A beguiling journey of self-discovery.

DIRT WORK

AN EDUCATION IN THE WOODS

A young woman’s account of life on trail crews in two national parks.

In her debut, Byl, who now operates an Alaska trail-design business with her husband, celebrates the satisfying rituals of work in the wild. Right out of college, she spent 15 years clearing downfall, building bridges, sinking signposts and otherwise maintaining trails in Montana’s Glacier National Park and Alaska’s Denali National Park. Initially the skinniest and least-muscled of her cohorts, she was soon able to swing an axe and run a chain saw. She imitated the veteran workers, especially the women: “I studied them, envied their tight-veined hands, tanned wrinkles shooting from their eyes, their easy cussing and the way they strode in their logging boots.” During long workdays that included up to 20 miles of hiking, Byl learned how to work with men, how to fell a tree and how to speak the language of mules. While friends and family wondered when she was going to get a real job, the author was lured ever deeper into the woods by the wild’s siren of impermanence. Much of her evocative book recalls pranks, projects and camaraderie; the tools essential to outdoor labor; and trailside moments, from singing the “Montana Cowgirl’s Mating Song” (“Get it up, get it in, get it out, don’t muss my hair-doooooo!”) to eating her favorite outdoor sandwich (ham, cheddar cheese, heavy on the mayo). Along the way, she found her “inner dirtball,” married her boyfriend and made a home in Healy, Alaska, north of Denali, where she and her husband live in a yurt with two sled dogs, an outhouse and WiFi and often go dip-netting for red salmon on the Copper River.

A beguiling journey of self-discovery.

Pub Date: April 16, 2013

ISBN: 978-0807001004

Page Count: 256

Publisher: Beacon Press

Review Posted Online: Jan. 17, 2013

Kirkus Reviews Issue: Feb. 1, 2013

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If the authors are serious, this is a silly, distasteful book. If they are not, it’s a brilliant satire.

THE 48 LAWS OF POWER

The authors have created a sort of anti-Book of Virtues in this encyclopedic compendium of the ways and means of power.

Everyone wants power and everyone is in a constant duplicitous game to gain more power at the expense of others, according to Greene, a screenwriter and former editor at Esquire (Elffers, a book packager, designed the volume, with its attractive marginalia). We live today as courtiers once did in royal courts: we must appear civil while attempting to crush all those around us. This power game can be played well or poorly, and in these 48 laws culled from the history and wisdom of the world’s greatest power players are the rules that must be followed to win. These laws boil down to being as ruthless, selfish, manipulative, and deceitful as possible. Each law, however, gets its own chapter: “Conceal Your Intentions,” “Always Say Less Than Necessary,” “Pose as a Friend, Work as a Spy,” and so on. Each chapter is conveniently broken down into sections on what happened to those who transgressed or observed the particular law, the key elements in this law, and ways to defensively reverse this law when it’s used against you. Quotations in the margins amplify the lesson being taught. While compelling in the way an auto accident might be, the book is simply nonsense. Rules often contradict each other. We are told, for instance, to “be conspicuous at all cost,” then told to “behave like others.” More seriously, Greene never really defines “power,” and he merely asserts, rather than offers evidence for, the Hobbesian world of all against all in which he insists we live. The world may be like this at times, but often it isn’t. To ask why this is so would be a far more useful project.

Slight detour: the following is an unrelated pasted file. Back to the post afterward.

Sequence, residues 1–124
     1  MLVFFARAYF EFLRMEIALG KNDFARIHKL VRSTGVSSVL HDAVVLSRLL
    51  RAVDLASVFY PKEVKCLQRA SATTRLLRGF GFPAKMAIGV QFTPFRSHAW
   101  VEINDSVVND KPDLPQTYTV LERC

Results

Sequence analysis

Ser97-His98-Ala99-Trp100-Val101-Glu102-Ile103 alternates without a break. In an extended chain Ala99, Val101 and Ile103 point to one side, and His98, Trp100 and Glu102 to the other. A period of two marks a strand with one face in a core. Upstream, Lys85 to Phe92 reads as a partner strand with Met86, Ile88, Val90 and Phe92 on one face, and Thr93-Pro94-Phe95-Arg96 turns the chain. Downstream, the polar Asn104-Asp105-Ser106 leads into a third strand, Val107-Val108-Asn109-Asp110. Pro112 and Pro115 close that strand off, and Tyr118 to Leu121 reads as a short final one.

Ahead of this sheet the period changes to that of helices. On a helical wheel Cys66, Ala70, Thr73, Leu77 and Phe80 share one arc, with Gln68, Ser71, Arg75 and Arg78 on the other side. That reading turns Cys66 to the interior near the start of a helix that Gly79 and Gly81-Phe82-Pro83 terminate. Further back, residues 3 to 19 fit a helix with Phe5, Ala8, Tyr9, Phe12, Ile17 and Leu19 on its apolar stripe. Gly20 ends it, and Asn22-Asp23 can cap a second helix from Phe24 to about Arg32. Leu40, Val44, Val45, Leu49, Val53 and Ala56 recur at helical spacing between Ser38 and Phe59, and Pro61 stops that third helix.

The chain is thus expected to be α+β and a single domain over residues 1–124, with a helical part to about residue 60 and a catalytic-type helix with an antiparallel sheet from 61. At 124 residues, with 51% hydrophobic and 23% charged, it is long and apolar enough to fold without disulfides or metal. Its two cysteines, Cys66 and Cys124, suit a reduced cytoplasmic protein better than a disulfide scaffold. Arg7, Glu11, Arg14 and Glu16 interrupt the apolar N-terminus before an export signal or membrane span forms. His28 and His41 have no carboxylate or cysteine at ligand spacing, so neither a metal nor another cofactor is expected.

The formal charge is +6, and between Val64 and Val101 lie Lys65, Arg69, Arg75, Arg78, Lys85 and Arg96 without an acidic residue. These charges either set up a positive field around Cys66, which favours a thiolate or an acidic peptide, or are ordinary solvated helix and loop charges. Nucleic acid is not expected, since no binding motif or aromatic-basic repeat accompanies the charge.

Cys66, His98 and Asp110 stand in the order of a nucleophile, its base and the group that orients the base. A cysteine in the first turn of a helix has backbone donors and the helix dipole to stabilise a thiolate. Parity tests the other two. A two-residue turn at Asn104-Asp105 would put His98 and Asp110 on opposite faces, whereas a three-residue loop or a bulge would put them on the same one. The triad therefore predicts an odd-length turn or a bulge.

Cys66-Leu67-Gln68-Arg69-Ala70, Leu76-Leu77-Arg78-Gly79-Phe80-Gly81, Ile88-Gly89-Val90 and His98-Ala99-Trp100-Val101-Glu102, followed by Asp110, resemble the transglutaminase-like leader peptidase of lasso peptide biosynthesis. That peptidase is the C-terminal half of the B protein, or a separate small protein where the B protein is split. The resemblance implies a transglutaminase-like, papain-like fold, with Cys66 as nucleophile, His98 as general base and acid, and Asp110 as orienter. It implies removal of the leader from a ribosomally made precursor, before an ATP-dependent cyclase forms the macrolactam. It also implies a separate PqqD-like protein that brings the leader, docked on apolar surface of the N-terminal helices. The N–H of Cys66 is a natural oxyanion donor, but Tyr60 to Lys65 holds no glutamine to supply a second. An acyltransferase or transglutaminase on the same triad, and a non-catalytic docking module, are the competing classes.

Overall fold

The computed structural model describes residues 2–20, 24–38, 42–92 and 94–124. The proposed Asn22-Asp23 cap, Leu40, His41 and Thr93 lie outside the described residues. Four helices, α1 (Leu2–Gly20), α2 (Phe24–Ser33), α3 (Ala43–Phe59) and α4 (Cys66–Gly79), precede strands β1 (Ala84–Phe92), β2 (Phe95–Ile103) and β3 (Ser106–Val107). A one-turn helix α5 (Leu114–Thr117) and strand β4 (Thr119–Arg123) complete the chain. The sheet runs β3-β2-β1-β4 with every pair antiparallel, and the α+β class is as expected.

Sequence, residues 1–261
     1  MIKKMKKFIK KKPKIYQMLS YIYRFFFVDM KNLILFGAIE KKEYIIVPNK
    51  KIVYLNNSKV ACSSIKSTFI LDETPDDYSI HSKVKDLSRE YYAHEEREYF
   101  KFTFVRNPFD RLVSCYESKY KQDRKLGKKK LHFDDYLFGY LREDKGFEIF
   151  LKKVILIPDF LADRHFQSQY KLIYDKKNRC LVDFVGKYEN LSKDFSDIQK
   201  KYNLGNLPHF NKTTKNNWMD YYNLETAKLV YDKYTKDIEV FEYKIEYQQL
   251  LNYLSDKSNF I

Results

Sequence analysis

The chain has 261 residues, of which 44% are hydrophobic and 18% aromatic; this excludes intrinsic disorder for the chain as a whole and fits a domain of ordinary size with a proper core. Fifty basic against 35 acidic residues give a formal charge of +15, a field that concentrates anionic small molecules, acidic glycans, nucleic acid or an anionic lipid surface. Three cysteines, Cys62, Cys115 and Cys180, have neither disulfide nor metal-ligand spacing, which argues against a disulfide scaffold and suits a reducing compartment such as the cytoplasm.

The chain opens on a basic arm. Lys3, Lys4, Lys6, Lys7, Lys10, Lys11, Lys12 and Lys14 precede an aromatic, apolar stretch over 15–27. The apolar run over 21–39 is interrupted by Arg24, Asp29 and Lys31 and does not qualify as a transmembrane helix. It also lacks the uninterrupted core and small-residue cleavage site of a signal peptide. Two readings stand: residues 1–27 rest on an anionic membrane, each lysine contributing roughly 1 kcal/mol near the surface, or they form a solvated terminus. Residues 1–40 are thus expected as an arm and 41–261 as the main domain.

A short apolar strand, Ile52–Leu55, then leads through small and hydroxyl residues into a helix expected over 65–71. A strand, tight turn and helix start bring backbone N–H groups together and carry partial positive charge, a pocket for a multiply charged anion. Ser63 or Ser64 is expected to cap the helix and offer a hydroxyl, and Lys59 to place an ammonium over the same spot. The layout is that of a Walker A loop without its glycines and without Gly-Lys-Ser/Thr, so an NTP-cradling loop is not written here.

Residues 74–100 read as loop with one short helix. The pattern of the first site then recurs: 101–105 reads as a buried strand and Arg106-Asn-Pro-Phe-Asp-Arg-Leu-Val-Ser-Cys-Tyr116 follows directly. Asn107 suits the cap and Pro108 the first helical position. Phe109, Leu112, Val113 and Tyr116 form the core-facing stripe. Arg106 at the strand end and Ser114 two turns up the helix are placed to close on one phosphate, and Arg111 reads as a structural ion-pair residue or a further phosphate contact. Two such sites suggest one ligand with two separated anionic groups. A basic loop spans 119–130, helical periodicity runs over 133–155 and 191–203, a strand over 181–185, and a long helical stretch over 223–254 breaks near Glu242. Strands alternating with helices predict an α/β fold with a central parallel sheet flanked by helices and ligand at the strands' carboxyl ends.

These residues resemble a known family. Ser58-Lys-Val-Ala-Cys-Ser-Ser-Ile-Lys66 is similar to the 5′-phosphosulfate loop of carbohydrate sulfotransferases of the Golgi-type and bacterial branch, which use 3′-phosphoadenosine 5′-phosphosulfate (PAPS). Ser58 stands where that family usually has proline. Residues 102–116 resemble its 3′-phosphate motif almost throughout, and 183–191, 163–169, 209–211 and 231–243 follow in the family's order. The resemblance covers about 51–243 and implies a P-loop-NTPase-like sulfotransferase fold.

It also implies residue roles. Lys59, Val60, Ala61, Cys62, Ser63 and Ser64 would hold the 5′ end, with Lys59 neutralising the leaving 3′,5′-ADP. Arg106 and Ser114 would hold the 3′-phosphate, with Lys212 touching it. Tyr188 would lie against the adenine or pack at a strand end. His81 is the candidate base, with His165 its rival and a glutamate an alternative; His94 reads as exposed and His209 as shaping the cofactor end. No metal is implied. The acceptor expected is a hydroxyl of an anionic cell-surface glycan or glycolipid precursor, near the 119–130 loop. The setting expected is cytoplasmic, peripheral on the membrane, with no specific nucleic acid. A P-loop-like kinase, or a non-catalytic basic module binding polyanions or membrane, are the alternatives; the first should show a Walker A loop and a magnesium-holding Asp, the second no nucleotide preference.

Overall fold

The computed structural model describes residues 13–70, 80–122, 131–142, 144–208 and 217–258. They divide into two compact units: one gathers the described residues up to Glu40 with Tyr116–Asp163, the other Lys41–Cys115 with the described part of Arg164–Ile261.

If the authors are serious, this is a silly, distasteful book. If they are not, it’s a brilliant satire.

Pub Date: Sept. 1, 1998

ISBN: 0-670-88146-5

Page Count: 430

Publisher: Viking

Review Posted Online: May 20, 2010

Kirkus Reviews Issue: July 15, 1998

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The author's youthfulness helps to assure the inevitable comparison with the Anne Frank diary although over and above the...

NIGHT

Elie Wiesel spent his early years in a small Transylvanian town as one of four children. 

He was the only one of the family to survive what Francois Maurois, in his introduction, calls the "human holocaust" of the persecution of the Jews, which began with the restrictions, the singularization of the yellow star, the enclosure within the ghetto, and went on to the mass deportations to the ovens of Auschwitz and Buchenwald. There are unforgettable and horrifying scenes here in this spare and sombre memoir of this experience of the hanging of a child, of his first farewell with his father who leaves him an inheritance of a knife and a spoon, and of his last goodbye at Buchenwald his father's corpse is already cold let alone the long months of survival under unconscionable conditions. 

The author's youthfulness helps to assure the inevitable comparison with the Anne Frank diary although over and above the sphere of suffering shared, and in this case extended to the death march itself, there is no spiritual or emotional legacy here to offset any reader reluctance.

Pub Date: Jan. 16, 2006

ISBN: 0374500010

Page Count: 120

Publisher: Hill & Wang

Review Posted Online: Oct. 7, 2011

Kirkus Reviews Issue: Jan. 15, 2006

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